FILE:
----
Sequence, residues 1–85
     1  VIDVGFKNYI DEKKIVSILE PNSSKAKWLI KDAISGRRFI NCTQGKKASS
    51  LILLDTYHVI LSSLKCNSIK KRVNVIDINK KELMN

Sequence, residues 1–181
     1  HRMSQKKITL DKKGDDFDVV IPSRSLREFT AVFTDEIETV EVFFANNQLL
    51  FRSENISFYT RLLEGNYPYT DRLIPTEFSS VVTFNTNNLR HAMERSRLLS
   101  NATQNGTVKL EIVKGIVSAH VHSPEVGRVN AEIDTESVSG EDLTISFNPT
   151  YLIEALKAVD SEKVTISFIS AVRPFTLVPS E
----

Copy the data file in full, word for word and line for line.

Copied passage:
Sequence, residues 1–85
     1  VIDVGFKNYI DEKKIVSILE PNSSKAKWLI KDAISGRRFI NCTQGKKASS
    51  LILLDTYHVI LSSLKCNSIK KRVNVIDINK KELMN

Sequence, residues 1–181
     1  HRMSQKKITL DKKGDDFDVV IPSRSLREFT AVFTDEIETV EVFFANNQLL
    51  FRSENISFYT RLLEGNYPYT DRLIPTEFSS VVTFNTNNLR HAMERSRLLS
   101  NATQNGTVKL EIVKGIVSAH VHSPEVGRVN AEIDTESVSG EDLTISFNPT
   151  YLIEALKAVD SEKVTISFIS AVRPFTLVPS E